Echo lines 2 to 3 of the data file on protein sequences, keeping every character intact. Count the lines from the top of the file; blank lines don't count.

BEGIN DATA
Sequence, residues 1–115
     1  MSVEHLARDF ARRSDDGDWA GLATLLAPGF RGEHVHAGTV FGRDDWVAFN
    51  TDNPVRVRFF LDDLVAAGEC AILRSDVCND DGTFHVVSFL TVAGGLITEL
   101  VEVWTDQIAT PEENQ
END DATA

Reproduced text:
     1  MSVEHLARDF ARRSDDGDWA GLATLLAPGF RGEHVHAGTV FGRDDWVAFN
    51  TDNPVRVRFF LDDLVAAGEC AILRSDVCND DGTFHVVSFL TVAGGLITEL